Ok, so that may have been a little bit of an exaggerated and long-winded intro, but descriptions of the joyous memories of the first Zelda game, the long hours of waiting and anticipation, and then finally the stomach churning disappointment of Zelda II could fill a novel. Thankfully, Nintendo decided to take its time with the third installment of the series, as it took nearly five years before A Link to the Past was released. Of course everyone knows how incredible it was, and how well worth the wait it was.

At the same time Link’s Awakening was in the works, and it turned out to be another fine entry. It took another six years before Ocarina of Time was released, and it was hailed as one of the best games ever made. Now… off of the top of your head… can you list off all eight of the Zelda games that have been released or announced in the eight years since then? I think you know what I’m getting at here.

The Zelda series has lost much of the wonder, joy, excitement, and passion that it once inspired in so many gamers. With a new, nondescript entry coming out every year, it’s hard to remember which game had what dungeon, which one had that awesome boss battle, or even which games you still need to play. I’ll admit, I haven’t even played all of the games in the series; I gave up after Nintendo released Oracle of Ages and Oracle of Seasons at the same time for a handheld system I didn’t have, and never planned on buying. It also doesn’t help that the last few entries I had played, while above par games over all, never came close to being as incredible as the earlier games. Windwaker’s ideas were novel, but the dungeon design was bland, Majora’s Mask had the same problem, and its visual style and game play were uneven at best!

I love the Zelda games. I have many fond memories of Hyrule and I can’t wait to play Twilight Princess when it comes out. But I have this feeling that I just can’t shake; a kind of disillusionment with Nintendo’s prize pony. The magic seems to be gone and now all I can see is the business behind it. It’s like I’ve gone to Disney World one too many times, and now it’s become nothing more than high priced food, cheap souvenirs, and fake facades. It’s troubling enough that this is happening to Zelda, but it’s very upsetting to see the same thing with Mario, Sonic, Castlevania, and many other classic game series. I mean, who else was completely unaware that Super Princess Peach was released four months ago?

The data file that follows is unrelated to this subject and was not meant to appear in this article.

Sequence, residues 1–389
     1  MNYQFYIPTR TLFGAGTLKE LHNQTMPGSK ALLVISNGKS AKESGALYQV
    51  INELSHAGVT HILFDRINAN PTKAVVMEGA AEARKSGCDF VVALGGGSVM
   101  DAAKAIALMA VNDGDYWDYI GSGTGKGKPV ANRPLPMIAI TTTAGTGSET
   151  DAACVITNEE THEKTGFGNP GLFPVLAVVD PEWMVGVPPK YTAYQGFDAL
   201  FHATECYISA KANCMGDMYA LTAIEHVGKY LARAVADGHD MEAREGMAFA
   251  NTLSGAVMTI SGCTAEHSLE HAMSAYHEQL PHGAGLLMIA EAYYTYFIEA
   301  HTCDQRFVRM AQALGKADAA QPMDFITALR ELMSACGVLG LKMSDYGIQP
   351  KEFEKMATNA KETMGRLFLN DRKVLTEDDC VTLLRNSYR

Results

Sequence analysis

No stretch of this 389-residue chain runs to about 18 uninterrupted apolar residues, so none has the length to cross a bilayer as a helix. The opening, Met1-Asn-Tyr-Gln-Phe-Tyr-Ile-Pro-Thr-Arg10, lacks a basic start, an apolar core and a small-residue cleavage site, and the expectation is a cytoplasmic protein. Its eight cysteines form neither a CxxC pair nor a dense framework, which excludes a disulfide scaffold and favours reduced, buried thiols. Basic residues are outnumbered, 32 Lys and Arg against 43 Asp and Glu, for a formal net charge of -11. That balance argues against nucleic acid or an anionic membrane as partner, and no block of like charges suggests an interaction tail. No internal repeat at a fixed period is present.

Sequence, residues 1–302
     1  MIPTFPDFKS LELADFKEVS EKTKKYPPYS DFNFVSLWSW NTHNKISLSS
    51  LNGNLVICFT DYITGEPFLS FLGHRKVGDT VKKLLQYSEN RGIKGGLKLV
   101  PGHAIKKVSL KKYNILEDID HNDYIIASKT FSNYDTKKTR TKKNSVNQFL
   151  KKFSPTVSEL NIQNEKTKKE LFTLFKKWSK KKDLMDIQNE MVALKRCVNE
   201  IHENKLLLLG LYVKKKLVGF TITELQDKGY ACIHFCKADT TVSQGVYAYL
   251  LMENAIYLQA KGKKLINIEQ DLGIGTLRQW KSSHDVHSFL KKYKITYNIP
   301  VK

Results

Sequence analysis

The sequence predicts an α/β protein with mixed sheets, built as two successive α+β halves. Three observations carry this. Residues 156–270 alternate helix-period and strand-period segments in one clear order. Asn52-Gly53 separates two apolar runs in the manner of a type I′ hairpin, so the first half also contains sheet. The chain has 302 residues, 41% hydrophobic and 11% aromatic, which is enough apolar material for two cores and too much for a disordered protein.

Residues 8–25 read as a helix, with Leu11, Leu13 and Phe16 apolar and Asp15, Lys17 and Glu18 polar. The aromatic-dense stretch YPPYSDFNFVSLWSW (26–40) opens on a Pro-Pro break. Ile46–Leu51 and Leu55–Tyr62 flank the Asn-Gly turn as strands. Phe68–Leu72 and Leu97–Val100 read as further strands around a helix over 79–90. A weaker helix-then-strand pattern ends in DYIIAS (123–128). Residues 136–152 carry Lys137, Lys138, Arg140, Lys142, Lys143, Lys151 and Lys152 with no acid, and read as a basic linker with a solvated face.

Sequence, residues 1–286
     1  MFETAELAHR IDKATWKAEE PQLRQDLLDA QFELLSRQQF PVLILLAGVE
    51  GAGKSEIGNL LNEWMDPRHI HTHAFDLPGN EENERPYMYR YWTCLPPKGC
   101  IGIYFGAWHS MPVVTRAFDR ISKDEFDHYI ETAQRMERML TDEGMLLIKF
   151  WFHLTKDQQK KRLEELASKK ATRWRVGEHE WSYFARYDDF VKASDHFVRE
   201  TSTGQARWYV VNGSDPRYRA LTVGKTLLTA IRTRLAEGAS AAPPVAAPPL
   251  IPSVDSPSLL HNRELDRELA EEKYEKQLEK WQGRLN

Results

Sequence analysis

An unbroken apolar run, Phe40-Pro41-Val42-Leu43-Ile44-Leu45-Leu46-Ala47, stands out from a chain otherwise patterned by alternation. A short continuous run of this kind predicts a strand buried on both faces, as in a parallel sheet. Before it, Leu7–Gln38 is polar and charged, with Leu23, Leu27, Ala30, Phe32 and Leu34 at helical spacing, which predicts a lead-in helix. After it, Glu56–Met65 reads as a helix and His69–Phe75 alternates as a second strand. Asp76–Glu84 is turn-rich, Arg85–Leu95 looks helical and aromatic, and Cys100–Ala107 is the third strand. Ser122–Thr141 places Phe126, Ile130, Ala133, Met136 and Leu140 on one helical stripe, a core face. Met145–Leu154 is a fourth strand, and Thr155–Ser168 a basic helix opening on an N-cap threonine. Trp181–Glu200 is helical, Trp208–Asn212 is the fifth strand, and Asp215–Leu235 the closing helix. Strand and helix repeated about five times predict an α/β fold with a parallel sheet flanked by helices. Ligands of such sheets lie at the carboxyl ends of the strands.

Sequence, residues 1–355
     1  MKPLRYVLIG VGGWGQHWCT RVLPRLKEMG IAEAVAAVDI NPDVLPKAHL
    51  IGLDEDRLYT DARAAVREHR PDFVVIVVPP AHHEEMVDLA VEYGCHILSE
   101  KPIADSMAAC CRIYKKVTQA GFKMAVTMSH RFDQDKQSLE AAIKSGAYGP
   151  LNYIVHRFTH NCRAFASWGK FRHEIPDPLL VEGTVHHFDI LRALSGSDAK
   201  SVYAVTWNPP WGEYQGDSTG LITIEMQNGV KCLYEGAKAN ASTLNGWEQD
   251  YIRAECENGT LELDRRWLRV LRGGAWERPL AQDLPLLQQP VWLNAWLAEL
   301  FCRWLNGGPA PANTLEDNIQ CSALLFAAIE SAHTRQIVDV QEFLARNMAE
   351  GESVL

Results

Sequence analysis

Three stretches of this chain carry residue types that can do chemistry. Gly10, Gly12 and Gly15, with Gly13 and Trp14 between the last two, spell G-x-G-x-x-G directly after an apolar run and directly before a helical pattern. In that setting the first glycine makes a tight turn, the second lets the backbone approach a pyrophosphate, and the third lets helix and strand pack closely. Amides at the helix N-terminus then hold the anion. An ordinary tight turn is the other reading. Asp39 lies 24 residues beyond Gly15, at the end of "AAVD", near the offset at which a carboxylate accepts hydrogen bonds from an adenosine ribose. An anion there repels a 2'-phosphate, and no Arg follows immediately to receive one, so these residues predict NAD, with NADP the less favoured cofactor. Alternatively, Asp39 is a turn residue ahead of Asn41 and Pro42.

The gaming industry is booming, and we know that this time it is here to stay. But like the surviving forms of entertainment before it, videogames have reached a transition period. Three decades have passed since the beginning of videogames, the same amount of time that the golden age of comic books lasted, and the same amount of time that the golden age of cinema lasted. And just like those media, videogames too have hit their slump. The industry will churn on; it will continue to evolve as new technologies develop and new cultures arise. The money will continue to roll in, and gamers will continue to eat up everything that comes their way. But for now the love, the beauty, and the art are gone.

If the history of comics and film are to have any say about this, then it appears that it will be a couple of decades before we see the next ground breaking piece of interactive entertainment. Until then, the market will saturate and some gamers will lose interest, the newness will disappear, and the creativity will be lacking. That’s ok; it’s the natural progression of entertainment and art. I have accepted that the next Zelda game will be fun, but not a classic. I have accepted that Mario may never return to his previous glory. That’s ok, because twenty years from now, we will be wowed by something so wonderful that we can’t even begin to imagine it today. The art and beauty of videogames will most definitely return, but at this moment, the golden age of the videogame is dead.

Chris, re. any research -- can't say definitively. Wouldn't just be normal transference. Recommend you check with someone on early adult or childhood development. And BTW, the more time you spend defending yourself the more encouragement you give a critic, rational or not. FWIW, I bought a PS2 just for Shadows of the Colossus (and Katamari, Ico, and a few others) and while beautiful, I find the game unplayable from its controls. Thanks.

Don - I hope you've seen that Corvus has added you to the round table: http://blog.pjsattic.com/corvus/2006/06/the-golden-age-of-gaming-guest-post/
You are now an Honourary Blogger! :)

Thanks for the comments everyone; sorry I don't have time to do them all justice. Normal blogging should resume tomorrow.

Jeez, Chris, I think I see where Jason is coming from, here. You should be spending your time doing something deep and meaningful, like obsessively collecting mid-1980s ASCII text files written by 13 year olds about how to masturbate and build a Blue Box at the same time.

Jason: your point seems to be "Chris, I'm bored by what you have chosen to spend your time doing." That you, of all people, would try to start a discussion on such a fundamentally broken axis is, let's be frank, really really funny. I bet people speak to you in similar terms about your project all the time, and I bet you do to them what Chris should do to you in this situation: dismiss you as someone who is acting like an asshole.

Now, your little ex-post facto explanation in this post is very interesting and all, but the core problem here is that your original post wasn't half as clever or relevant -- or, for that matter, coherent -- as you seem to think it was. Perhaps you should go back and read it again and read what you actually said, rather than what you seem to think you said. It doesn't reflect very well on you.

(This post doesn't reflect very well on me, either, but then I know I'm acting like an asshole, and I'm not writing little mini-essays explaining that, no, really, there's some deeper philosophical underpinning to my assholism.)